BOSTON — Boko Haram is a terrorist group in need of a good old-fashioned “coup d’etat,” President Joko Widodo said Wednesday, as he warned that the country’s fragile democracy will soon be in danger.
A day after a military coup forced the removal of the government, the leader of the countrys largest Islamist group told a news conference that the “crisis of democracy is real” and that “the time is coming when the coup will be carried out.”
The group is the only political force capable of challenging the majority-Muslim-dominated government in the Southeast Asian nation of 1.2 billion people.
The government was in power for nearly five years, but since July 2015 the government has been in turmoil and instability as the military and the military-aligned alliance that is ruling for the past three years seek to extend their grip on power.
The military’s alliance is the largest in Africa, and the alliance has accused the country of corruption and is threatening to crush any political dissent.
The coup came as Widodo’s party was on the brink of being sidelined in the upcoming elections, and as the ruling party faced a potential loss of seats in the national assembly if the election were postponed.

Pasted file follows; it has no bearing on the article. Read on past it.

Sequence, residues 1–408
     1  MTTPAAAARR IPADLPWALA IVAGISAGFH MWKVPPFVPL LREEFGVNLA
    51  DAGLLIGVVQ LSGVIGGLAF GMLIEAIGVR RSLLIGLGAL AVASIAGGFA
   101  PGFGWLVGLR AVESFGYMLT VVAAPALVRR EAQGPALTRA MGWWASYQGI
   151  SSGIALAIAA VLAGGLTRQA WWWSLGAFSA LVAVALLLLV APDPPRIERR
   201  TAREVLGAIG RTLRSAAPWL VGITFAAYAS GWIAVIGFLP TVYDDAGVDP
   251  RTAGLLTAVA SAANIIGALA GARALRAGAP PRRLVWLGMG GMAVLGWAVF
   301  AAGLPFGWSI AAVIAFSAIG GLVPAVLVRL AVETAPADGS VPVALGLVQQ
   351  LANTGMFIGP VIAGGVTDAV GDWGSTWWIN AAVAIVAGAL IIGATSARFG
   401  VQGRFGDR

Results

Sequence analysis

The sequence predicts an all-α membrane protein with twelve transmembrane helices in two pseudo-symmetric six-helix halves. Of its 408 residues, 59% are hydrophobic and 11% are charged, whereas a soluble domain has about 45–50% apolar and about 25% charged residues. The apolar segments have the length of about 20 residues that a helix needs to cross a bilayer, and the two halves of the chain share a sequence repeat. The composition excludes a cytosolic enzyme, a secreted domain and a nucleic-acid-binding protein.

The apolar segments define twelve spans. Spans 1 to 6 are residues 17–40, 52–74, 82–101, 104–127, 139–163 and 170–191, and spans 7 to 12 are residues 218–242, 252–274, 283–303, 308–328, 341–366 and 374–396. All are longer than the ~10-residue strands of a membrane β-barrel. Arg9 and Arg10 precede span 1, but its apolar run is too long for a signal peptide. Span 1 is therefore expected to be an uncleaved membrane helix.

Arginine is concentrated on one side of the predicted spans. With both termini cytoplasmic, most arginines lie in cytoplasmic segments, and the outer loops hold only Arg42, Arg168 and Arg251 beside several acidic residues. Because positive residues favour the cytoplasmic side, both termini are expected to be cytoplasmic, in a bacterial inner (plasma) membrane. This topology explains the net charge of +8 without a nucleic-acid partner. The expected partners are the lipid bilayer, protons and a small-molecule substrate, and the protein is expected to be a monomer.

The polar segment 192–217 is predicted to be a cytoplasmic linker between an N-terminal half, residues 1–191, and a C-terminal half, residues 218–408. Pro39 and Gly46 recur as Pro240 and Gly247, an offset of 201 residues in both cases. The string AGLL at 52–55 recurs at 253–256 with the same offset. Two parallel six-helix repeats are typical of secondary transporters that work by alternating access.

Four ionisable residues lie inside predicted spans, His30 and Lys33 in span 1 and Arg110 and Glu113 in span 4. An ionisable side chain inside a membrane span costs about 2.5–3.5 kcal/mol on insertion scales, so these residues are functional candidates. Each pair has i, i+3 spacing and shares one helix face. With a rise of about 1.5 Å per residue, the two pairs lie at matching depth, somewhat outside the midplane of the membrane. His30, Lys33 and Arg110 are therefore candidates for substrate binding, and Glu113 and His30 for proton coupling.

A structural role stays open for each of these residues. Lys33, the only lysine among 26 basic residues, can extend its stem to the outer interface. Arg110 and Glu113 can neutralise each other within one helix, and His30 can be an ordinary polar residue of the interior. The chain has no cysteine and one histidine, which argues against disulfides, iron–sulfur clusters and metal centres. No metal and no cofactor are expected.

The opposition is pushing for a boycott of the elections.
The leader of Widodo, a leader of Indonesia’s ruling Joko Samah party, was flanked by members of the military, as well as the president’s wife, wife of former President Jokowi, and other members of his cabinet.
Widodo addressed the gathering at a hotel, where he said the country has suffered enough, and he urged the people to take matters into their own hands.
“This crisis of democracy has arrived,” Widodo told the gathering.
“It’s not a moment of weakness.
We must not let this crisis affect our society.
We have to put a stop to this crisis.
We cannot allow the country to be in a state of instability.
We are facing an imminent threat of a coup.”
The military seized power in a coup in February, but the latest coup attempt failed and a court declared the election invalid, a process that will be extended by an extra day.
The latest developments in the coup crisis come just a week after the country celebrated a year of its independence from a European-backed colonial rule that was followed by a military junta and a bloody civil war.
As the military has been trying to consolidate its power, Widodo has also been pushing to push through a controversial law aimed at extending the rule of law.
The law would make the presidency a hereditary position, but it has drawn opposition from human rights groups and the European Union, which say it infringes on fundamental rights.